A support service for ‘survivors and thrivers’
Patricia Bustillos was one of seven children raised by a mother who worked for herself, selling tamales and firewood — whatever it took to support her family. Bustillos had always envisioned herself as a businesswoman, as well.
Now the owner of a home-based commercial cleaning franchise in Albuquerque, she has an increasing sense of confidence and has been an inspiration to her four adult children.
But it wasn’t an easy path, Bustillos, 50, said during a recent interview through a translator.
The Spanish-speaking woman, a native of Mexico, is a survivor of domestic violence. As she was searching for a way to heal, get back on her feet and achieve financial independence, she discovered an opportunity through Albuquerque-based Jan-Pro of New Mexico, a master franchisee of the nationwide commercial cleaning giant.
Owned by Sophia Guido and her husband, Bob, the business has become a support service for dozens of women who are operating their own franchises in a region stretching from Belen to Santa Fe — many of them immigrants and domestic violence survivors and most of them single mothers.
The business’ staff, including translator Gia Stein, doesn’t just help the women build business skills and develop a client base, Sophia Guido said. “We also support them in their life.”
The company helps connect franchise owners and their families with community-based services and holds workshops on immigration issues.
The model is part of a growing trend aimed at breaking a cycle of domestic violence. One of the biggest challenges for women fleeing abusive relationships is overcoming financial insecurity. To help combat this, several organizations have begun programs that extend beyond job skills training and education, offering entrepreneurial mentorships and even assistance in launching startups.
Verizon Wireless, for instance, launched an entrepreneurship grant program in 2011 to help survivors of domestic violence get a start in business. And the Los Angeles-based nonprofit FreeFrom began a new program this year offering free business training, as well as legal and marketing advice, to some 30 domestic abuse survivors launching startups.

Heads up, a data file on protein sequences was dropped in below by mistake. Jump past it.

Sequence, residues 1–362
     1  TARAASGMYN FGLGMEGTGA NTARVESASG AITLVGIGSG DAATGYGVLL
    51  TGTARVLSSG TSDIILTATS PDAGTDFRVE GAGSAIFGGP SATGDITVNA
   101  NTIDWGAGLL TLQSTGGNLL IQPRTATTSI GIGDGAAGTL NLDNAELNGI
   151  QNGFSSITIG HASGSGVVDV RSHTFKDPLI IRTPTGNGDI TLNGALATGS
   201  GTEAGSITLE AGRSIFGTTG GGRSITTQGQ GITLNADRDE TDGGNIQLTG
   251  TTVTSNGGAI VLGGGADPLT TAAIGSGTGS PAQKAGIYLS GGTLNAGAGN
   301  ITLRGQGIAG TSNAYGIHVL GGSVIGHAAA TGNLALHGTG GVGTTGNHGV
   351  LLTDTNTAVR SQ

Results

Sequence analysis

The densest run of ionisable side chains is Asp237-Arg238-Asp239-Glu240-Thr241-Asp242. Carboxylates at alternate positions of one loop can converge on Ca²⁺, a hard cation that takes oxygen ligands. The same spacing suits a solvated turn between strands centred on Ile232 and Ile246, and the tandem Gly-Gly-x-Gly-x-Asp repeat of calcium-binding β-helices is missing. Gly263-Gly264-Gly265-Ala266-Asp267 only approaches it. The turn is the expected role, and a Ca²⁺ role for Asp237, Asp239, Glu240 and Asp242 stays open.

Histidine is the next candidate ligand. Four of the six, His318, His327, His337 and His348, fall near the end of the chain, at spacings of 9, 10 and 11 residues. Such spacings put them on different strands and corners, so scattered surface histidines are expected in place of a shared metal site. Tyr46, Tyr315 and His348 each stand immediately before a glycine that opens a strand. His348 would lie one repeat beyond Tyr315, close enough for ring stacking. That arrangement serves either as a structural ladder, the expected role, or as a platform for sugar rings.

Anji Estrellas, executive director of the Esperanza Shelter for Battered Families in Santa Fe, said she wasn’t aware of any former shelter clients who had started their own business or opened a franchise such as Jan-Pro.
“However,” she said, “I really like the idea of starting an initiative like this. I think it would be an ideal component of long-term solutions for survivors achieving financial independence, which is a key factor in stopping the cycle of violence.”
Guido didn’t set out with such a plan.
Instead, she and her husband decided to encourage Spanish-speaking residents in the region to open Jan-Pro franchises. Many of the people who responded were women who had experienced domestic violence or workplace abuse. When they discovered the opportunity to be their own boss, Guido said, they began bringing in friends who had been in similar situations.
“Once we realized who was coming to us,” Guido said, “it exploded from there.”
Bustillos, who has owned a commercial cleaning franchise for three years and employs two of her children, said she, too, was looking for an opportunity to achieve independence.
“She started learning that this was something, that she could be a business owner,” said Stein, the translator for Jan-Pro of New Mexico.
“It’s been a long journey and growth process,” Bustillos added in Spanish.
Through Albuquerque-based Enlace Comunitario, a social justice organization led by Latina immigrants, Bustillos has been speaking to other women about domestic violence prevention and opportunities.
“Over time,” she said, “being a survivor of domestic violence, I have the strength of a woman to get ahead.” And she spreads that message to other women, telling them, “Yes, you can get ahead. … Don’t be afraid.”
Her 19-year-old daughter, Janet Duran, who works with her, said she is proud of her mother’s efforts to become a businesswoman.
“It sends a message that anything can be accomplished,” Duran said, though she acknowledged it was a challenge for her mother to both run a business and attend classes to learn business skills.
Guido said some of her franchise owners have been clients of Haven House Shelter in Rio Rancho.
Shelter Director Roberta Radosevich said it was touching to hear that some of her former clients had moved on from their struggles and are striking out on their own.
“They’re no longer victims,” she said. “They’re survivors and thrivers. … That’s our goal for everybody who walks through our doors.”
Contact Cynthia Miller at 505-986-3095 or firstname.lastname@example.org.